The brochures, programs, tours, and signs in Nauvoo are oriented to members of the LDS church. Interpreters are dressed in period costumes to demonstrate crafts and embody specific figures from the era. We enjoyed a spirited program of young men singing songs about the Mormon experience in Nauvoo. They were excellent singers, their jokes appropriate for all ages. Some of the scriptural references weren’t familiar to us, but the rest of the audience, arrayed on benches under a tree, seemed to understand and appreciate the allusions. Their presentation was light-hearted, presenting a prayer in the form of a barbershop quartet.

Nauvoo singers [Image: Abby Ayers]

The wholesome atmosphere of Nauvoo helps lighten the burden of Smith’s martyrdom. Walking the grid of streets separated by expanses of grass, it was possible to imagine Smith’s vision of an ideal religious community. The imagined city promised not only the world’s salvation but also local political and economic power. Neighbors and government leaders in the state saw danger in the community’s concentrated votes and financial might under Smith’s prophetic leadership. Smith, hearing the threats and warnings from outsiders, projected hope to his followers, but he worried that his people would not be able to remain in Nauvoo, that other Americans would not tolerate such a powerful place in their midst.

A large statue erected in 2003 depicts two young men on horseback speaking to one another before “The Prophet’s Last Ride.” The plaque on the base explains the statue’s meaning:

On the morning of June 24, 1844, Joseph Smith and his brother Hyrum left their families, homes, and fellow Saints for the last time. Traveling on horseback, they paused on this bluff. Joseph looked admiringly at the unfinished temple and the city of Nauvoo and declared: “This is the loveliest place and the best people under the heavens; little do they know the trials that await them.” Joseph and Hyrum continued on to Carthage, Illinois, where they faced legal charges and eventual death at the hands of a mob.

The Smith brothers were killed by men in blackface shooting into the jail where they were being held, supposedly for their own safety.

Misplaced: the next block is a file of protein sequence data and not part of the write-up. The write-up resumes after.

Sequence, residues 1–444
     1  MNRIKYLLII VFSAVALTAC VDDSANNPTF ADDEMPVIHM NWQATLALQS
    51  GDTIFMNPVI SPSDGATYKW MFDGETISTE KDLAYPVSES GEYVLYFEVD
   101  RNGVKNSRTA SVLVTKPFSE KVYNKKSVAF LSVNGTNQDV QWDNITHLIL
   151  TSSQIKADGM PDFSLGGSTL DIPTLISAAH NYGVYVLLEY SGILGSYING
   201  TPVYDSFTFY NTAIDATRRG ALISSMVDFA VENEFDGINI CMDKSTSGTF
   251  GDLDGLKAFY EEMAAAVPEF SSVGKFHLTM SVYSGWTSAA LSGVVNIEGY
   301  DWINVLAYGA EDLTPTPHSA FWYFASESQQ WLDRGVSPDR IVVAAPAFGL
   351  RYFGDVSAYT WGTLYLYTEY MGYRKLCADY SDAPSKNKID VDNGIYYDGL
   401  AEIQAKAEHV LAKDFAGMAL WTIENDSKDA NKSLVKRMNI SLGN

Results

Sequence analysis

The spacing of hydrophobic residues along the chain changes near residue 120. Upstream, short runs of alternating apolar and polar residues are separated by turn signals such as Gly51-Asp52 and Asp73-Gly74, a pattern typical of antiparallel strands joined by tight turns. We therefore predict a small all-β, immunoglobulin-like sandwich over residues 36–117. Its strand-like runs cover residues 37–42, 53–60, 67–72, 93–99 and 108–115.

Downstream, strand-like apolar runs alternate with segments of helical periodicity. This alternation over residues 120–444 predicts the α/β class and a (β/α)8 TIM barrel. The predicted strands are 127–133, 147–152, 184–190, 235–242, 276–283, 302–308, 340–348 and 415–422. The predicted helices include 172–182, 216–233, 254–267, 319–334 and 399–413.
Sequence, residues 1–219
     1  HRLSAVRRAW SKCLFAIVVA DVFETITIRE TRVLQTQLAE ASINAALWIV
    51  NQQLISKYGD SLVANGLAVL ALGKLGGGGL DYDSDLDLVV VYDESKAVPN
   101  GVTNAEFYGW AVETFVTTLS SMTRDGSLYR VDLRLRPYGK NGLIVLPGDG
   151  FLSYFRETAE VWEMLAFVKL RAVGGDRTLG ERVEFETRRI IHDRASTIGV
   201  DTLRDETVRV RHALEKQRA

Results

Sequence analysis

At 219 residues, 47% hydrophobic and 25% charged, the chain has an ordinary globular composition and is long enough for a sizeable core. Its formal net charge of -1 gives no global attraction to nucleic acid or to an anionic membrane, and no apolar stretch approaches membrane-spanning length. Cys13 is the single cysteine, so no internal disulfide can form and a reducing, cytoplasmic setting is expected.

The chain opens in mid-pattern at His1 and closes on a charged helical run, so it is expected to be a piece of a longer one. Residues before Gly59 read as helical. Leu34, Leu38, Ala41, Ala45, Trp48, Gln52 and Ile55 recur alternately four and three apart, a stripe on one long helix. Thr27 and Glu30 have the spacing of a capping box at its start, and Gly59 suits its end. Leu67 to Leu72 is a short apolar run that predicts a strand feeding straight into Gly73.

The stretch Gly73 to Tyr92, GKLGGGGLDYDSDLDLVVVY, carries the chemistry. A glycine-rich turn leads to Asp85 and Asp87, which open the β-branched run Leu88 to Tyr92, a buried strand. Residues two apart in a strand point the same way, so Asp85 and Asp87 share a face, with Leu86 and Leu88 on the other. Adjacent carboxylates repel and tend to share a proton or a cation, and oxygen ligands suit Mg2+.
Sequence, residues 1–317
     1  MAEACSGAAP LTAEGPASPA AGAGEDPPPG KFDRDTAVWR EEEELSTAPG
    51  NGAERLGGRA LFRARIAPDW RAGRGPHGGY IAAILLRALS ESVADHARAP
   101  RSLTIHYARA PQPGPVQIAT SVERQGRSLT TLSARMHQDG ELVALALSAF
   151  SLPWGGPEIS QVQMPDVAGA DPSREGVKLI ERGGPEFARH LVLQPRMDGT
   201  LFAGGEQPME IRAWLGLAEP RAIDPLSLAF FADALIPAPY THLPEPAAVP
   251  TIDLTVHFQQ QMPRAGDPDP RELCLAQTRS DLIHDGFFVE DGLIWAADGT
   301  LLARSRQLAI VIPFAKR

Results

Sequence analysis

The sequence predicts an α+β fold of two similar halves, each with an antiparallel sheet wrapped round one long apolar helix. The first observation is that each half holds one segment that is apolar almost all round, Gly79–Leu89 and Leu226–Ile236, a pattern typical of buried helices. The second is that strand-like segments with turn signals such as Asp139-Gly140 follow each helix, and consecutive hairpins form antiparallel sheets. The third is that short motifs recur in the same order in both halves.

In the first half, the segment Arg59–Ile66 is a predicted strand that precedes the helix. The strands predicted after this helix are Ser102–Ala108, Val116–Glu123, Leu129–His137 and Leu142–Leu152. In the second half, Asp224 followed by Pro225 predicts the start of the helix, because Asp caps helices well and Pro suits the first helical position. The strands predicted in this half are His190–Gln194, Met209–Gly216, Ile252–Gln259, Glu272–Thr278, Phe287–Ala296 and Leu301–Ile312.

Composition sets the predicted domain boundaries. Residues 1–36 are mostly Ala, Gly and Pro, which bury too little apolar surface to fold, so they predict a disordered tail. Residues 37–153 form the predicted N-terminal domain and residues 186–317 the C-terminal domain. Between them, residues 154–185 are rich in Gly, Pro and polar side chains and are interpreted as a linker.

“The Prophet’s Last Ride” statue, Nauvoo, IL [Image: Abby Ayers]

Before his murder, Smith had already begun to speak of building a new city beyond the border of the United States, far to the west, where the people of his church might finally be safe. Upon Smith’s death, Brigham Young and other elders began a fabled migration that would take them to the Great Salt Lake and then to destinations around the world. Visitors to Nauvoo can visit replicas of the shops where blacksmiths and carpenters built the wagons for the journey, walk the road on which the Saints departed Nauvoo, and read signs that bear the words of worry and hope men and women recorded in their diaries and letters.

Both New Harmony and Nauvoo testify to a time when the script of American history remained unwritten. New Harmony embodied a secular vision that placed its faith in science, education, and cooperation. The plan did not come to fruition, ironically, because its founders did not employ those tools to build a strong practical foundation. The memory of New Harmony faded because the community left no one to sustain the founders’ vision.

Nauvoo, by contrast, was abandoned because it succeeded too well, and because it threatened those who did not belong to the Church of Jesus Christ of Latter-day Saints. The collaborative labor of the Saints launched, in just a few years, an impressive city where none had been before. Unified by a shared faith and a charismatic leader, the residents of Nauvoo promised to build a site that would attract people from around the world. With their leader assassinated, though, and the power of vigilantes and of the government arrayed against them, the men, women, and children of the community left their nascent city behind. Today, it has become a shrine, a place to remember the trials of the founding generation of a church that has grown into a global presence.